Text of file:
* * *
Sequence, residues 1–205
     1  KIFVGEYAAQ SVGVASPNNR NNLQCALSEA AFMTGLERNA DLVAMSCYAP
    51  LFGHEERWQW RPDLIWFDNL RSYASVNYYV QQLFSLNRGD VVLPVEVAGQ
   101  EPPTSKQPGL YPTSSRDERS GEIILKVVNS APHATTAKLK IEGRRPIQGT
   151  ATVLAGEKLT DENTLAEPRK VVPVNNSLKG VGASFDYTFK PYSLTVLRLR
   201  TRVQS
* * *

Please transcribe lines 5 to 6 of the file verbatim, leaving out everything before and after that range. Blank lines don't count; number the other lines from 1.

   151  ATVLAGEKLT DENTLAEPRK VVPVNNSLKG VGASFDYTFK PYSLTVLRLR
   201  TRVQS